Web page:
December 13, 2017

Why is Siamak Namazi Still in An Iranian Prison?

by Stanley A. Weiss

LONDON—Today in Iran, a good man, an American citizen, is languishing in a brutal Tehran prison. And so is his 81-year-old father.

Siamak Namazi is a friend of mine. An Iranian-born American with dual citizenship who loves Iran and considers it one of his two homes, Siamak has spent years going back and forth to Tehran as a businessman and a humanitarian, helping Westerners establish businesses on Persian soil that provide jobs and incomes for Iranian citizens. He sought me out early on, and I came to know him as a deeply thoughtful and honest man who is committed to improving the lives of the Iranian people while smoothing the relations between our two countries.

In October of 2015, shortly after a widely debunked article ran on a U.S. website questioning whether Siamak was poised to benefit personally if U.S sanctions on Iran were lifted, he was arrested while visiting relatives in Tehran. The government charged him with spying for the U.S. No evidence was presented in support of that charge. Four months later, Siamak’s father, Baquer Namazi, went to Iran to check on his son. Baquer, who served as governor of the oil-rich Iranian province of Khuzestan under the Shah before leaving Iran for America with his family in 1983, where he became a respected diplomat for UNICEF – was also arrested.

In October of 2016, both father and son were sentenced to ten years in prison for allegedly “cooperating with the hostile American government.” Naturally, no evidence was offered at trial, nor was there evidence of wrongdoing presented when the Namazis lost an appeal on that sentence this past August. Today, Siamak and his father, a heart patient who recently had a triple bypass – are being held in Tehran’s notorious Evin prison, where political prisoners often go to die. Siamak has reportedly been placed in solitary confinement and been “interrogated relentlessly, beaten and tased,” according to his lawyer. Meanwhile, his father’s health is said to be deteriorating by the day.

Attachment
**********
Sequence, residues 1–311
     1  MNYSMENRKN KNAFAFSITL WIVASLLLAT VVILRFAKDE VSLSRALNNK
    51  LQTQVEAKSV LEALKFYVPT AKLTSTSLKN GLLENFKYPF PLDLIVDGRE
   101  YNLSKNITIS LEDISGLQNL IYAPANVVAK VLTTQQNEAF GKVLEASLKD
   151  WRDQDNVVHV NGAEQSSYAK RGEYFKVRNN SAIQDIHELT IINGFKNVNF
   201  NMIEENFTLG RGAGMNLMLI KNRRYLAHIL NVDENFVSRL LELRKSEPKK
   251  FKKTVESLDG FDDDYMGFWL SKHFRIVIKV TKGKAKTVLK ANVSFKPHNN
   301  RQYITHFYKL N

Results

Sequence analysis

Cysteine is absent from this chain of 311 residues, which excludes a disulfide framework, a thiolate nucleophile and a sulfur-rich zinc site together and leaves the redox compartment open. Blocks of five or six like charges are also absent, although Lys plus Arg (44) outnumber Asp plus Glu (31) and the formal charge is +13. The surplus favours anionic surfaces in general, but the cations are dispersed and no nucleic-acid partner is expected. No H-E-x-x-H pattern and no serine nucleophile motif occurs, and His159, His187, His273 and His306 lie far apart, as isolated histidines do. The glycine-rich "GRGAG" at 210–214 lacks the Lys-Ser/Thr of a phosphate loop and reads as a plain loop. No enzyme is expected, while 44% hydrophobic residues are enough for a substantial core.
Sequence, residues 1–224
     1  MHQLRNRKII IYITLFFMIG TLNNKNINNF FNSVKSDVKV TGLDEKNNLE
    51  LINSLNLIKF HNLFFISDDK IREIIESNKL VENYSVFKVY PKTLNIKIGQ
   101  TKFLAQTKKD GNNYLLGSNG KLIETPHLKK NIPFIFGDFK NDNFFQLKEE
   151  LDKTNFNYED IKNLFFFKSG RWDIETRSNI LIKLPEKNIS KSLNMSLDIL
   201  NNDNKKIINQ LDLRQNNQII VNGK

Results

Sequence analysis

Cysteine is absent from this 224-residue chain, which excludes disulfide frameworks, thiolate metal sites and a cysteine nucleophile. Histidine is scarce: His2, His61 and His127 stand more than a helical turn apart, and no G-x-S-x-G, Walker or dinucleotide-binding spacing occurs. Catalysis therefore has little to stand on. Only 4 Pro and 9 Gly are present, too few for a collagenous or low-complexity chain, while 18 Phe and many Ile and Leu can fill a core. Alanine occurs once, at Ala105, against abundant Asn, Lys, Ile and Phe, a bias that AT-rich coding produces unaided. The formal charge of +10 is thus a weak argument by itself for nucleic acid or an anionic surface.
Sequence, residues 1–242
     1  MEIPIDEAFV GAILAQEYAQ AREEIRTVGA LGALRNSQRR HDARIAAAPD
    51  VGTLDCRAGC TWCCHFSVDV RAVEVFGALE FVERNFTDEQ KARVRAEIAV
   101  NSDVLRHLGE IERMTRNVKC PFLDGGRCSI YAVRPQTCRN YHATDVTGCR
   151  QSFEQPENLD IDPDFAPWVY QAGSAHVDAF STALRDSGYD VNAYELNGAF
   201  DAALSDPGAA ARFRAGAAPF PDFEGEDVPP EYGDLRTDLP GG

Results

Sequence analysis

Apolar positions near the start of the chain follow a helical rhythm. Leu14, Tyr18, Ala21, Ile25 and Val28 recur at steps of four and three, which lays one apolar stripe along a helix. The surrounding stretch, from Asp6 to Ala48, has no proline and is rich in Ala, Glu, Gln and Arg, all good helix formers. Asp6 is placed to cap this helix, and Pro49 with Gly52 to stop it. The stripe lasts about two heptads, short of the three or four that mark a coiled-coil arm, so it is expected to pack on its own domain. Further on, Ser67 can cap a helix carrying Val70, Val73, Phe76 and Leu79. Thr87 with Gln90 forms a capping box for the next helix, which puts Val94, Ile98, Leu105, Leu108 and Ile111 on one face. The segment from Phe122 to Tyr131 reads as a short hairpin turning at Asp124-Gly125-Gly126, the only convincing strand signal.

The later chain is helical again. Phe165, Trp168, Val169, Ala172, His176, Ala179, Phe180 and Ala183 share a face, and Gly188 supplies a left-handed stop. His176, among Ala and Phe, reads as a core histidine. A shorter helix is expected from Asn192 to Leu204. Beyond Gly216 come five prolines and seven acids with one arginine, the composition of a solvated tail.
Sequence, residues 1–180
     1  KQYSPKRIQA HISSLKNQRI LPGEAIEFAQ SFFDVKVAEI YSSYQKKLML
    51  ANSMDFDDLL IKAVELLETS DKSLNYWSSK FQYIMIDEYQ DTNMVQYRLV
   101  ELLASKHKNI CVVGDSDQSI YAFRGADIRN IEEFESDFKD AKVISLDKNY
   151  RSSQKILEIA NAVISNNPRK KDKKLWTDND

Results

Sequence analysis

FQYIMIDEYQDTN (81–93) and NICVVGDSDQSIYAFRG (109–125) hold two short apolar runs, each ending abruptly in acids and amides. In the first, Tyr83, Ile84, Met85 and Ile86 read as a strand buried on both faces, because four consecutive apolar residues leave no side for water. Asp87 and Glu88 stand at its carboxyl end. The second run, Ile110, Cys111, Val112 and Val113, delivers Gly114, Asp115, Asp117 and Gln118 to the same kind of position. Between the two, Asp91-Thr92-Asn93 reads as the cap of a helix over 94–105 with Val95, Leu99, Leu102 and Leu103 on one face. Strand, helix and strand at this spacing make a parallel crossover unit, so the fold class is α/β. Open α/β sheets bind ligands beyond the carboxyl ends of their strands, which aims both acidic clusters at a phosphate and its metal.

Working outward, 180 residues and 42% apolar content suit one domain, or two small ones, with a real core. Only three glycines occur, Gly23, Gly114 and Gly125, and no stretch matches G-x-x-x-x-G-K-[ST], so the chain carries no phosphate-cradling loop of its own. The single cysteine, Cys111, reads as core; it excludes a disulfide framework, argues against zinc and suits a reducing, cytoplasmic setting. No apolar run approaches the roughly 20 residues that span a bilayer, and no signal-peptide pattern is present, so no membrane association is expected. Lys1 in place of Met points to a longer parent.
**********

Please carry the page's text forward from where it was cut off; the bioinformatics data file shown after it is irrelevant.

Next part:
It’s just this simple: in a world with a lot of bad actors, the Islamic Republic poses the greatest threat to stability in the Middle East and remains one of the most dangerous regimes in the world.

The world – and especially Americans – view Iran primarily through the lens of Iran’s nuclear program and the P5+1 agreement the U.S. and its allies signed to limit that program in 2015. But we should not turn a blind eye to the broader issue here: Iran’s imprisonment of Siamak and at least four other Americans and British-Iranian woman Nazanin Zaghari Ratcliffe is just one in a pattern of disturbing behavior by Iran’s regime in the region and despicable despotism at home. While our attention is focused elsewhere, Americans and a Brit are rotting in Iran’s prisons – and that’s not okay.

Iran — much like its ancient ancestor, the Persian empire — has grand aspirations for regional dominance. But today, the Islamic Republic pursues its great power ambitions not by actively conquering territory but by destabilizing other states in the region and supporting proxy groups that threaten Israel and sow chaos. Iran’s Islamic Revolutionary Guard Corps has long wreaked havoc throughout the Middle East. According to one report, the Revolutionary Guard maintains “a direct, considerable military presence” in Iraq, Syria, Yemen, and Lebanon. The Iranian government backs a morally bankrupt Syrian government and has long supported Hezbollah, a militant Shia group based in Lebanon in its attacks on Israel, as well as the Houthi rebels in Yemen who have dragged the country into a devastating civil war and assassinated Yemen’s former president just last week.